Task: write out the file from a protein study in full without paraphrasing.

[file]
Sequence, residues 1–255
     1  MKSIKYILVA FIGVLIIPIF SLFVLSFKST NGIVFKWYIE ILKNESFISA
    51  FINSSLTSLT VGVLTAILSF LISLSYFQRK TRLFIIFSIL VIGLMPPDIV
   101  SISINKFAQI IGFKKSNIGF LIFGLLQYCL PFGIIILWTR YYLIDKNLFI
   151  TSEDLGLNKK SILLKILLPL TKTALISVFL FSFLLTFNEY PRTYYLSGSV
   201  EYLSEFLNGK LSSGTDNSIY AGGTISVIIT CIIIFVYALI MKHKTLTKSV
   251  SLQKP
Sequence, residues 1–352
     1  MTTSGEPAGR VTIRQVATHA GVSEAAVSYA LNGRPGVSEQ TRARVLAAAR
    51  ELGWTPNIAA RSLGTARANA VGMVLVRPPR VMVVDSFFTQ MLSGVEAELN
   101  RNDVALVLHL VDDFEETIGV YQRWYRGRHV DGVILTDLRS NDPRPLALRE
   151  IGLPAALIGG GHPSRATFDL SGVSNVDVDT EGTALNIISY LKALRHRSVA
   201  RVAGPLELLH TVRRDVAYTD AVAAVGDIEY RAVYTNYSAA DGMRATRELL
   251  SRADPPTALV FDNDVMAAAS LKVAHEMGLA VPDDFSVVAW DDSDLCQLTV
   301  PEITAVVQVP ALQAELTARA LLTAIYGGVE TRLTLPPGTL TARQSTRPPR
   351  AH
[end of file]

Sequence, residues 1–255
     1  MKSIKYILVA FIGVLIIPIF SLFVLSFKST NGIVFKWYIE ILKNESFISA
    51  FINSSLTSLT VGVLTAILSF LISLSYFQRK TRLFIIFSIL VIGLMPPDIV
   101  SISINKFAQI IGFKKSNIGF LIFGLLQYCL PFGIIILWTR YYLIDKNLFI
   151  TSEDLGLNKK SILLKILLPL TKTALISVFL FSFLLTFNEY PRTYYLSGSV
   201  EYLSEFLNGK LSSGTDNSIY AGGTISVIIT CIIIFVYALI MKHKTLTKSV
   251  SLQKP
Sequence, residues 1–352
     1  MTTSGEPAGR VTIRQVATHA GVSEAAVSYA LNGRPGVSEQ TRARVLAAAR
    51  ELGWTPNIAA RSLGTARANA VGMVLVRPPR VMVVDSFFTQ MLSGVEAELN
   101  RNDVALVLHL VDDFEETIGV YQRWYRGRHV DGVILTDLRS NDPRPLALRE
   151  IGLPAALIGG GHPSRATFDL SGVSNVDVDT EGTALNIISY LKALRHRSVA
   201  RVAGPLELLH TVRRDVAYTD AVAAVGDIEY RAVYTNYSAA DGMRATRELL
   251  SRADPPTALV FDNDVMAAAS LKVAHEMGLA VPDDFSVVAW DDSDLCQLTV
   301  PEITAVVQVP ALQAELTARA LLTAIYGGVE TRLTLPPGTL TARQSTRPPR
   351  AH